Max.
     
  6. #12

    Expert

    Nov 30, 2010
    16,261
    6,768
    Here's a guess: The load this thing is driving shorted and fried that component. Find the short first, then fix the driver.
     
  7. sheldons

    Active Member

    Oct 26, 2011
    616
    101
    faulty item thats failed is a fuse-possible failure will be the capacitor-the zener and the resistor -all part of the capacitive dropper which forms a simple powersupply-also if you check across the capacitor which will be directly connected to the zener for any lo ohms reading that may help localize the fault....it may be you have a faulty relay for the compressor or faulty compressor-in which case the fridge is scrap unless you are able to replace it,check the system holds a vacuum after vaccing it down to check for leaks before a regass etc....also if fitted you may have a fault with the defrost heater/timer etc
    Depending on the fault and if there is a sc after the capacitor/zener on your powersupply you may find the control ic sc if the device which switches the relay on the compressor has failed-some boards use a triac some a thyristor in which case your board is scrap.....
     
    Last edited: Sep 19, 2013
  8. landennick

    Thread Starter New Member

    Sep 18, 2013
    3
    0
    woot sheldons - so it's something along the lines of a 'Quick Blow Micro Axial PCB Mount Fuse'.

    Multimeter time then. I'll have to dig it out of.... wherever I hid it ... (Moved in last year and till working on the house, plus organization does not appear to be one of my skills I'm a noob when it comes to electronics so any hints to one who knows nothing would be much appreciated. I'll get to creating a diagram of this board and the one that fried two years ago and then I’ll give you the readings. Will that lead to a means of working out the rating of the fuse?.

    Thanks again sheldons, that is a dense post.
     
  9. sheldons

    Active Member

    Oct 26, 2011
    616
    101
    fuse rating will be on the fuse itself and should also be on the pcb.....the fuse wont be all that high a rating-for quick testing you can fit a 1 ohm fusible resistor,say 1/4 w just as a quick test after you have located the faulty components on the board....do remember also that this type of power supply is in no way mains isolated which means when connected to the mains the pcb will give you a shock if you touch the wrong things while handling it and NO connecting oscilloscopes unless you want a loud bang on switch on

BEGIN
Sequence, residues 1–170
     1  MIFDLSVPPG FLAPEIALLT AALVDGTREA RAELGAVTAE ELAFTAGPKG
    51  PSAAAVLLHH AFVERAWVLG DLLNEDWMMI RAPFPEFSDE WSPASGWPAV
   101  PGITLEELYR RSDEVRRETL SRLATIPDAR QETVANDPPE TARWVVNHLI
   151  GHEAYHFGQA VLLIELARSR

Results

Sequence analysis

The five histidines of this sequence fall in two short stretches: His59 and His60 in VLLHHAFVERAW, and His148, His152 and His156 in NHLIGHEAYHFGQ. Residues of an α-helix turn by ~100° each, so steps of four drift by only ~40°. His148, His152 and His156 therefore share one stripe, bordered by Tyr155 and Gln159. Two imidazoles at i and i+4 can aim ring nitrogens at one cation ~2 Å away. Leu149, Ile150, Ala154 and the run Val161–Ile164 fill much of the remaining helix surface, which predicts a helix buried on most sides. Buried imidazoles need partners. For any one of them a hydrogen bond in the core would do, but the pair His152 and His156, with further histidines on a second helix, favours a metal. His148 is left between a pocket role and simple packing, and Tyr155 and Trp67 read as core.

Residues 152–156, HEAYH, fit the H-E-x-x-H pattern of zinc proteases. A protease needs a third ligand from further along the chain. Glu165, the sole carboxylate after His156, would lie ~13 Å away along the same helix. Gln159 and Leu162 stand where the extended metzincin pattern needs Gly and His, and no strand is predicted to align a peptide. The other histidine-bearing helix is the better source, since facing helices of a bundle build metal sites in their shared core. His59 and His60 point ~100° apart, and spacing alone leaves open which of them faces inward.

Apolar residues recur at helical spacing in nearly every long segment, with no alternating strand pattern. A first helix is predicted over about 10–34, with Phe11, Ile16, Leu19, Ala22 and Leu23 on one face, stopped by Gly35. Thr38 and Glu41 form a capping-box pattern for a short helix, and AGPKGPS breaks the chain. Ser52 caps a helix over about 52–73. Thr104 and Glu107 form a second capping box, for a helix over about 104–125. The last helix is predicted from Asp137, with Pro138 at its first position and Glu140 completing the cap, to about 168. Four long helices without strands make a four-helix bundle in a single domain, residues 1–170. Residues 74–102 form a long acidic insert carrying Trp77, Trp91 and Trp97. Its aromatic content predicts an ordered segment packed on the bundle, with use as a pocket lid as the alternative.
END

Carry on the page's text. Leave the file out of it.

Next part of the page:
10. t06afre

    AAC Fanatic!

    May 11, 2009
    5,939
    1,222
    I suspect that the area that is burned is a transformer less power supply. And that the part bolted to the cooling fin is a voltage regulator. Can you see if you can find ID numbers on the latter part?
     
  11. MrChips

    Moderator

    Oct 2, 2009
    12,429
    3,360
    I would venture to guess that the burnt device is a resettable thermal fuse that simply over heated and burst into flames, something like this:

    [​IMG]

    Tracing the circuit, it looks like the molex pins are AC line input to a 1μF/275V capacitor, fuse, 100Ω resistor, diode rectifier.

    Try replacing the fuse.
     
  12. shortbus

    AAC Fanatic!

    Sep 30, 2009
    4,004
    1,525
    Fixing replacing the fuse is all and good. But it doesn't fix the problem. The OP said this board has been replaced before. More trouble shooting on the whole system seems like a good idea to me. But then, what do I know?
     
  13. t06afre

    AAC Fanatic!

    May 11, 2009
    5,939
    1,222
    Perhaps replace the whole transformer less power part on the board with small proper power module
     
  14. MrChips

    Moderator

    Oct 2, 2009
    12,429
    3,360
    The fuse is supposed to go into a high impedance state on over-current.
    Obviously the fuse failed to do its job and went on fire. That is very unusual.

    I would try replacing the fuse, perhaps with a different type of fuse.

    What are the markings on that 3-pin device on the metal heat sink?
     
Loading...